Alone in the World: Orphans and Orphanages in America
Orphanages and other homes for children have long fueled the imaginations and fantasies of young people. In the first book of its kind, award-winning nonfiction author Catherine Reef uncovers the true history of orphanages, revealing what it was like to eat, sleep, study, and play in such institutions, why children were sent to live there in the first place (not always because their parents were dead), what happened to them after they left, and more. Carefully researched and vividly brought to life through accessible writing, first-hand accounts, and more than 70 compelling archival photographs and prints, this intriguing piece of our country's history should satisfy all curiosity seekers. Endnotes, bibliography, index.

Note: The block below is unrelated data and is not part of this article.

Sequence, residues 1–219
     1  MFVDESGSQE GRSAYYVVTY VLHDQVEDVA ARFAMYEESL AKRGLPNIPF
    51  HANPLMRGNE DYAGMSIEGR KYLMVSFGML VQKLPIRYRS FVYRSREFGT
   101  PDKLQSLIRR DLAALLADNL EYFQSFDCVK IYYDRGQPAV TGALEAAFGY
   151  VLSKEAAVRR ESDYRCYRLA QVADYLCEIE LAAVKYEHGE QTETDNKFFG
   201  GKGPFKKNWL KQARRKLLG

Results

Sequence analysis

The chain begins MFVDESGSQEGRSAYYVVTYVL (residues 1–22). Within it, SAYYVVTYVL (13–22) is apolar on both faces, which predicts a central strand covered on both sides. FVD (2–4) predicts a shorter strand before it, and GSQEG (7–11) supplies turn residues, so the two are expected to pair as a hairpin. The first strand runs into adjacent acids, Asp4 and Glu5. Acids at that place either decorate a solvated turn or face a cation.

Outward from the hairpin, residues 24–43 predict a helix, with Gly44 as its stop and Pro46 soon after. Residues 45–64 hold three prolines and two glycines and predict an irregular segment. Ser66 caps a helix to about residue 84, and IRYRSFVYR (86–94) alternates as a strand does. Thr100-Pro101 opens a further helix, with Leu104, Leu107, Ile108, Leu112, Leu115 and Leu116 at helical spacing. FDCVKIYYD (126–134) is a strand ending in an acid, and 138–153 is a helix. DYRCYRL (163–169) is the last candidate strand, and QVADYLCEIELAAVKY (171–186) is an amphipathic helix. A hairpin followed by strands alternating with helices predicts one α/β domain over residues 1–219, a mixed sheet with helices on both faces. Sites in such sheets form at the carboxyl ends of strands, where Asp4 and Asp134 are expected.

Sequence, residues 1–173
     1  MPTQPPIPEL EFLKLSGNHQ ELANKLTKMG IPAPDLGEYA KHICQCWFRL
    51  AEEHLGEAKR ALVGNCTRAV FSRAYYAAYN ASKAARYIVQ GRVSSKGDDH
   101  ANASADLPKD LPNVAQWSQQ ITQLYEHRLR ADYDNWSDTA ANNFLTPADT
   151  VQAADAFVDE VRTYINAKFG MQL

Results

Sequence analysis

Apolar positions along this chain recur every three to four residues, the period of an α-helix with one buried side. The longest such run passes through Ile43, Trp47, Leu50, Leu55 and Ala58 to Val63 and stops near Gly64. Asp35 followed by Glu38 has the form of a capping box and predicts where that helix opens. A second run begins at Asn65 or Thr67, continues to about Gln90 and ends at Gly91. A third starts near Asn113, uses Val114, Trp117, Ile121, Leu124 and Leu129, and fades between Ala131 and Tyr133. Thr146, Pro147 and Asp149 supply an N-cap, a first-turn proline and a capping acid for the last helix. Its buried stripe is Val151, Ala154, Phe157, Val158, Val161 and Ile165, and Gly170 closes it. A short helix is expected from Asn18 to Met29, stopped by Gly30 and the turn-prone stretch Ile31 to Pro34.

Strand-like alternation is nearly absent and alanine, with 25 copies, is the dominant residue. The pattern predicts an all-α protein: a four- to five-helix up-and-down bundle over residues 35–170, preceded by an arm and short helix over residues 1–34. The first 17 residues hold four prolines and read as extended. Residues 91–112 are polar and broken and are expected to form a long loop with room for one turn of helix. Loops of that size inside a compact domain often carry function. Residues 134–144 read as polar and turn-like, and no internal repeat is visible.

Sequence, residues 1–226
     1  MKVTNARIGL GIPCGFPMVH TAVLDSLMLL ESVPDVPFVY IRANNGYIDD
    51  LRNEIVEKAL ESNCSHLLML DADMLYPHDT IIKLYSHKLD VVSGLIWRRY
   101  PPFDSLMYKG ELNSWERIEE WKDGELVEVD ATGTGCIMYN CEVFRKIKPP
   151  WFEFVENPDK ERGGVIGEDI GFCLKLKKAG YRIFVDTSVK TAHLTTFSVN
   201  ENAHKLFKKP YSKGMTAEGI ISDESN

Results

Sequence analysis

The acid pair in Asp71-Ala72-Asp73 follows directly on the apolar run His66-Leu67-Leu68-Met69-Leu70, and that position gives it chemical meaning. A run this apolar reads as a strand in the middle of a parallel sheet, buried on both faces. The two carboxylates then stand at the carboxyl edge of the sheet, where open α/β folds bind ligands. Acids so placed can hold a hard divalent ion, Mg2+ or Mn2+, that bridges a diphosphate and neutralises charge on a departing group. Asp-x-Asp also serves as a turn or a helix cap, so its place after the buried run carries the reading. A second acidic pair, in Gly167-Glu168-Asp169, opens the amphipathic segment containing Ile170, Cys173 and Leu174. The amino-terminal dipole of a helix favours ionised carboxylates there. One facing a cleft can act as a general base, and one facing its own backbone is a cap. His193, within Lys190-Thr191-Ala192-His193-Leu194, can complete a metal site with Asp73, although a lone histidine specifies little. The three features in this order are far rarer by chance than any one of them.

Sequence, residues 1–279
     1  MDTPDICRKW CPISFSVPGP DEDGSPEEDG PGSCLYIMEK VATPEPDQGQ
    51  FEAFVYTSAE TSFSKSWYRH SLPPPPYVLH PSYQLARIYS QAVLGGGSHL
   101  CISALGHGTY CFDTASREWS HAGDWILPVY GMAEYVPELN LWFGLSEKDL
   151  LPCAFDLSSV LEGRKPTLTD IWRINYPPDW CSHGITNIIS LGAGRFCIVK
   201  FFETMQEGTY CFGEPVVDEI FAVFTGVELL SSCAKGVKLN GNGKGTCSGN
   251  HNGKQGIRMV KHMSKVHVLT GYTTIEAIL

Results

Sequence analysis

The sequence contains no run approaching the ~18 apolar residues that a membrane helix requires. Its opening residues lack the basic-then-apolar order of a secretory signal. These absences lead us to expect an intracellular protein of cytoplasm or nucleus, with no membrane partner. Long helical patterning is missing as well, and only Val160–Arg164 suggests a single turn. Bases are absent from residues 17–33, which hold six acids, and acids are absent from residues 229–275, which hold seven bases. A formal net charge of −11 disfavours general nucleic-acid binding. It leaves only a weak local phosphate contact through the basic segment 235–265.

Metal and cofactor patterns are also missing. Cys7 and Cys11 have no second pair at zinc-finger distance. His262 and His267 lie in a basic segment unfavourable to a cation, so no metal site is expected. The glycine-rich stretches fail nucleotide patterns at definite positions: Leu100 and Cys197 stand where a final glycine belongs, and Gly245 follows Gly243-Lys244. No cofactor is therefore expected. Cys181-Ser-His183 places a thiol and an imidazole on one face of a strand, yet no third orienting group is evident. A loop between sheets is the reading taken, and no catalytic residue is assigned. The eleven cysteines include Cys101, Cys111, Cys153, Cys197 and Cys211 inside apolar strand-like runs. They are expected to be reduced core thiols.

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abuse adults African Americans almshouses ASPCA asylum children asylum managers babies began Bergh boys and girls bread Cedar Falls Charities Charles Loring Brace chil child children living children needing Children's Aid Society City Orphan Asylum city's Civil clothing Colored Orphan Asylum Connolly crime Dependent Children Devoe died dren families farm father foster care foster homes Gettysburg Hebrew National Orphan Henry Bergh homeless House of Refuge Humiston immigrants indentured Industrial School inmates institutions Jewish Juvenile Lodging House Manhattan Massachusetts matron meal mother National Orphan Home needy Newsboys nineteenth century number of children opened orphanages parents Philadelphia House photograph poor poorhouses poverty president punishment quoted in Bremner quoted in Hawes reformatories settlement house shelter social soldiers SPCC Stanford street thousand took twentieth century U.S. Census Bureau United vicious Washington City Orphan women wrote York City York House young youngsters youth